La Semilla’s plant-based offerings—tacos, Cubanos, crunch wraps, and gloriously garnished cocktails—seduce the eyes before they start on the palate.
Photograph by Martha Williams
Any given evening, most of the with-it young clientele sitting down to dinner at La Semilla aren’t full-time vegans. But that’s a large part of the draw at this new Latin restaurant on a hot stretch of Memorial Drive: It’s for everyone. And everyone appears to be eating here. Every table is full. The noise level is just right—cheerful, not deafening. Your interest is piqued, your instincts are rewarded—if you follow them through the tall doorway, set off by garlands of large green leaves painted onto the brick. If you don’t have reservations, there may be a couple of seats at the bar.
A short sentence on the menu mentions the restaurant’s plant-based food, but your eyes may skip right over it to focus on delightful items such as queso, empanadas, Cuban sandwiches, and tamales. Your first, gloriously garnished cocktail is strong enough to suppress any lingering questions. La Semilla’s owners, Sophia Marchese and Reid Trapani, aren’t trying to fool or convert anyone. “Everybody is on their own journey” is their motto. They’ve been together for 10 years, the last five of them devoted to embracing and promoting a plant-based, anti-inflammatory diet, which they decided to take up for health reasons. (Studies have suggested that vegan or vegetarian diets may reduce inflammation, thereby lowering the risk of some chronic diseases.) As culinarians, they became known for their platform Happy Seed, which held pop-ups at places such as A Mano and Buena Vista, and which has reached full flower here.
What feels unique about La Semilla, which the young couple started “from the gravel up” in a new building, is the joyous vibe. It’s the kind of place where the pair and their contemporaries can let loose. Trapani as the chef, and Marchese as the general manager and creator of the rock-star beverage program, have gotten rid of the stereotypes associated with boring vegan restaurants. There’s just enough information on the menu for customers to manage gluten intolerance and allergies; most of the dishes feel otherwise uncomplicated.
Marchese is of Cuban descent, and Trapani has family roots in Italy; both have traveled to the Yucatán and throughout South America. La Semilla’s dishes seduce the eyes before they start on the palate, with lion’s mane mushrooms, jackfruit, cauliflower, and squash standing in for a previous generation’s bland textured vegetable proteins. Crunchiness and creaminess, often missing from the vegan experience, are present throughout: for instance, in a delightful potato- and cashew-based queso blanco, served as a starter with good tortilla chips. The brilliant croquetas de jamon and the “cubarrito”—with picadillo and fried plantains in it—could sway even a Cuban grandmother. The bread and the sliced cheese in the pressed Cubano may be outsourced vegan products, but the sandwich as a whole is as fresh and tasty as those in Miami.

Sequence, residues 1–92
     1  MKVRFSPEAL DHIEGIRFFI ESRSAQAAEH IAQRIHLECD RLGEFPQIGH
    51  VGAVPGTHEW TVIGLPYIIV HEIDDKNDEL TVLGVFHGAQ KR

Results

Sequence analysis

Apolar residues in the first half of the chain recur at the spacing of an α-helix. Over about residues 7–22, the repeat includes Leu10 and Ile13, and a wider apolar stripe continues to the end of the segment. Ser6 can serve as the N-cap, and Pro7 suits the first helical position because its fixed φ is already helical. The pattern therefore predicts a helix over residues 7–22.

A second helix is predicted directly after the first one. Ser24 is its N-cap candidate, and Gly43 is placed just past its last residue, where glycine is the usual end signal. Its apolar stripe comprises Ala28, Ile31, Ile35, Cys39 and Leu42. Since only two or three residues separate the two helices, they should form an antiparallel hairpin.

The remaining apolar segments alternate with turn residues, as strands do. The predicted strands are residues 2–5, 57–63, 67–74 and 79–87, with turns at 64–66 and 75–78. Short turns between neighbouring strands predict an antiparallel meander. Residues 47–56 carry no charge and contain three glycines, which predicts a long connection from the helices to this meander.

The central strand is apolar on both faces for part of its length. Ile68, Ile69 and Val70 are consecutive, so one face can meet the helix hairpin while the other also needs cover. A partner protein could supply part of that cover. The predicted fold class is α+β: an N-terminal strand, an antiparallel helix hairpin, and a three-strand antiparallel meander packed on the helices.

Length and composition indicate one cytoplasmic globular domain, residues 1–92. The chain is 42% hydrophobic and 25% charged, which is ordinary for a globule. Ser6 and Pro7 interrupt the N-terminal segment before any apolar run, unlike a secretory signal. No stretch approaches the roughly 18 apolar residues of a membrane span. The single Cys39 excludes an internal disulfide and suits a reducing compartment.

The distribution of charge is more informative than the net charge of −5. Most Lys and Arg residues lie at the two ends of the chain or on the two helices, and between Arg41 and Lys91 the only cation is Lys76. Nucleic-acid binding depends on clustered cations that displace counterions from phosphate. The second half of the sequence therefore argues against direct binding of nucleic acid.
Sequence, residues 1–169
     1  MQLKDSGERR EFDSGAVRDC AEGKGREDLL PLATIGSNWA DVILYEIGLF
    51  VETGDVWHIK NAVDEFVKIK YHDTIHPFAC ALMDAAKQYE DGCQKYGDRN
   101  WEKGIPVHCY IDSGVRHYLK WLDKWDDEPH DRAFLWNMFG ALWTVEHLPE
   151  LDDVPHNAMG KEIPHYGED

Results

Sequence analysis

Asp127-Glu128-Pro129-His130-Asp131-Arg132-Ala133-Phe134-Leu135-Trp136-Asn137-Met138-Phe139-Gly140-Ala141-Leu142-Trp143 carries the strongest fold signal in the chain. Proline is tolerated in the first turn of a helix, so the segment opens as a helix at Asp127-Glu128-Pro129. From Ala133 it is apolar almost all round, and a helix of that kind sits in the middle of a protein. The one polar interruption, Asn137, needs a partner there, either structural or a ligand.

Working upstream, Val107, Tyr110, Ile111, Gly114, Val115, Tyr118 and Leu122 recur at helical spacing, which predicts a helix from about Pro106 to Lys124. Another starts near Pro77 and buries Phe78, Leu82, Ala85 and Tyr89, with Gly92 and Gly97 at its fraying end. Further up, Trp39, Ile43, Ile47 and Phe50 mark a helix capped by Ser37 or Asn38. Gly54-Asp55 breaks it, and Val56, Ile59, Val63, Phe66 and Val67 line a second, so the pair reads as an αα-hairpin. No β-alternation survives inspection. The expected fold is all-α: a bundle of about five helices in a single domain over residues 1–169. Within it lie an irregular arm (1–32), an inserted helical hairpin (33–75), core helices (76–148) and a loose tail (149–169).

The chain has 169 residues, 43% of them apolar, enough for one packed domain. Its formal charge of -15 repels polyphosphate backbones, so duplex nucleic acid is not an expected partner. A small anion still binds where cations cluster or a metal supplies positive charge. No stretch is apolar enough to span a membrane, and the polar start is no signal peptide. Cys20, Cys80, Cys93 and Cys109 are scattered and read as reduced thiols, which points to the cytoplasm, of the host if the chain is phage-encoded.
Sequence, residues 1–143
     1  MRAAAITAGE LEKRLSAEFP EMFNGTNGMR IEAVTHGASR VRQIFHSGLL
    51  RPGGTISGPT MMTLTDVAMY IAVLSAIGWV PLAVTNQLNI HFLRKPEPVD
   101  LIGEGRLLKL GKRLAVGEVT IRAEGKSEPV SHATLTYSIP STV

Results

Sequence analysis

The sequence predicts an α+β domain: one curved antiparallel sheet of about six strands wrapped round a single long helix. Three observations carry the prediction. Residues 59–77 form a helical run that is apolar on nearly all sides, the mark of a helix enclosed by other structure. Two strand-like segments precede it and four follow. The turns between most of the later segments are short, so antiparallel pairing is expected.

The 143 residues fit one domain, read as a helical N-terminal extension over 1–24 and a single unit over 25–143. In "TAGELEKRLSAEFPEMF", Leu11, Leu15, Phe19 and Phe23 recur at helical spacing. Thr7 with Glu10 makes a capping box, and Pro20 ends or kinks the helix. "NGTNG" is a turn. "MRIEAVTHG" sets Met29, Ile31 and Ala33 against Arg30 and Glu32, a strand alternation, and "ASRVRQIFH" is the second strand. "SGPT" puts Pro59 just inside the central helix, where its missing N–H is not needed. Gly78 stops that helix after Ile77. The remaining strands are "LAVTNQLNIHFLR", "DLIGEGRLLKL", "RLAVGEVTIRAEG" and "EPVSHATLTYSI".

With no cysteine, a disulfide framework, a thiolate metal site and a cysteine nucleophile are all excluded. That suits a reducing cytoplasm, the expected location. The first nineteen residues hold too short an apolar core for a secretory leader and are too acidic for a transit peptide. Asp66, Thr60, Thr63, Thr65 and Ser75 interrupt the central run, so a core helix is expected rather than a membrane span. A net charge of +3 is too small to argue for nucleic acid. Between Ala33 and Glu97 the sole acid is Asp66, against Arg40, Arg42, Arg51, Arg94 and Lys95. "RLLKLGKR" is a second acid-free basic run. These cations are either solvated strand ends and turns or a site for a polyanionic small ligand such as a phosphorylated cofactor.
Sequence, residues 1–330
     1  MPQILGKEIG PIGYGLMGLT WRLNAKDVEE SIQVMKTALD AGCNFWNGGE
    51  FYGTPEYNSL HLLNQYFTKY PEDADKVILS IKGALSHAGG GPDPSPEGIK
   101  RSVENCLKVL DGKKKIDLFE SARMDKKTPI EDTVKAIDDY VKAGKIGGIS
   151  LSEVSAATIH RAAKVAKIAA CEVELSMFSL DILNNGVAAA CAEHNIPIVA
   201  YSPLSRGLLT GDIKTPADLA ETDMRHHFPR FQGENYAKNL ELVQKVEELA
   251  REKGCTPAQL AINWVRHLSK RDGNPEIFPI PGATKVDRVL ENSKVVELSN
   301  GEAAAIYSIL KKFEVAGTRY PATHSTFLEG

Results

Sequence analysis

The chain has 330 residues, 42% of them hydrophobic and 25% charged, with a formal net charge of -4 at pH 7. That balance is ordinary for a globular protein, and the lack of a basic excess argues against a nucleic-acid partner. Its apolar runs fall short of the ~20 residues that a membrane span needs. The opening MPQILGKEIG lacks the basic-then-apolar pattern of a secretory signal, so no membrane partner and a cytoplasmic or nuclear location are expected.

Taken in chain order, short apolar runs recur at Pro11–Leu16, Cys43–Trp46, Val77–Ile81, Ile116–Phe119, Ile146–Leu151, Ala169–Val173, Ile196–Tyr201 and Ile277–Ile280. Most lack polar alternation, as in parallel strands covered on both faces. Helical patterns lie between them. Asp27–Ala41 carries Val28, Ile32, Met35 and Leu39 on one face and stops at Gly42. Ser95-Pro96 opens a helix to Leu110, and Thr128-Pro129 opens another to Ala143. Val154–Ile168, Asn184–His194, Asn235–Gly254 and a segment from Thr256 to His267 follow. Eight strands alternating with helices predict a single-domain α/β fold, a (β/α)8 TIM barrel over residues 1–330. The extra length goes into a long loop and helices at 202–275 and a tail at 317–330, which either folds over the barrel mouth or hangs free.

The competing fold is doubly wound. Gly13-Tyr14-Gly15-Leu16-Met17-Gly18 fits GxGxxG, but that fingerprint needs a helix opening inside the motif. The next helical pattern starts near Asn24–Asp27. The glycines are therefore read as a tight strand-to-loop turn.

It’s easy to accept at face value the heirloom beans with sofrito, the street corn, and the rotating tacos made with fresh tortillas—but I especially enjoyed the mystery shrouding items such as the sikil p’ak (a thick, dark-red toasted-pumpkin-seed salsa from the Yucatán) and the easy-to-share crunch wrap, a takeoff on the fast food favorite consisting of a medley of fresh vegetables, seitan, and nacho cheese sauce encased in a crisp dough. For dessert, two options, neither disappointing: a caramelized-plantain ice cream “split” or pumpkin fritters with cajeta and espresso sea salt.
From talking with the owners, I learned a thing or two about their pleasant-tasting, nut-free butter and their chicken, a product called Daring, made of soy and not too many other ingredients. I heard their passion for healthy cuisine free of animal products. What was foremost on my mind as I ate at La Semilla, though, is how satisfying the sensory experience was. I watched the bartenders assemble elegant rum- and tequila-based cocktails and pour biodynamic wines. With a shimmering Oaxacan mai tai in one hand, the other holding a spear of yuca drizzled in cheese sauce, I happily watched fellow diners sharing plates of nachos, available after 9 p.m. and loaded with queso, pasilla salsa, morita cream, and more. I might’ve gone back to meat the next day, but I’m glad for the seeds of change planted by a restaurant that makes it easy to envisage a different way of eating.
This article appears in our May 2023 issue.
The post Review: La Semilla is for everyone appeared first on Atlanta Magazine.
Any given evening, most of the with-it young clientele sitting down to dinner at La Semilla aren’t full-time vegans. But that’s a large part of the draw at this new Latin restaurant on a hot stretch of Memorial Drive: It’s for everyone. And everyone appears to be eating here. Every table is full. The noise level is just right—cheerful, not deafening. Your interest is piqued, your instincts are rewarded—if you follow them through the tall doorway, set off by garlands of large green leaves painted onto the brick.
The post Review: La Semilla is for everyone appeared first on Atlanta Magazine. Atlanta Magazine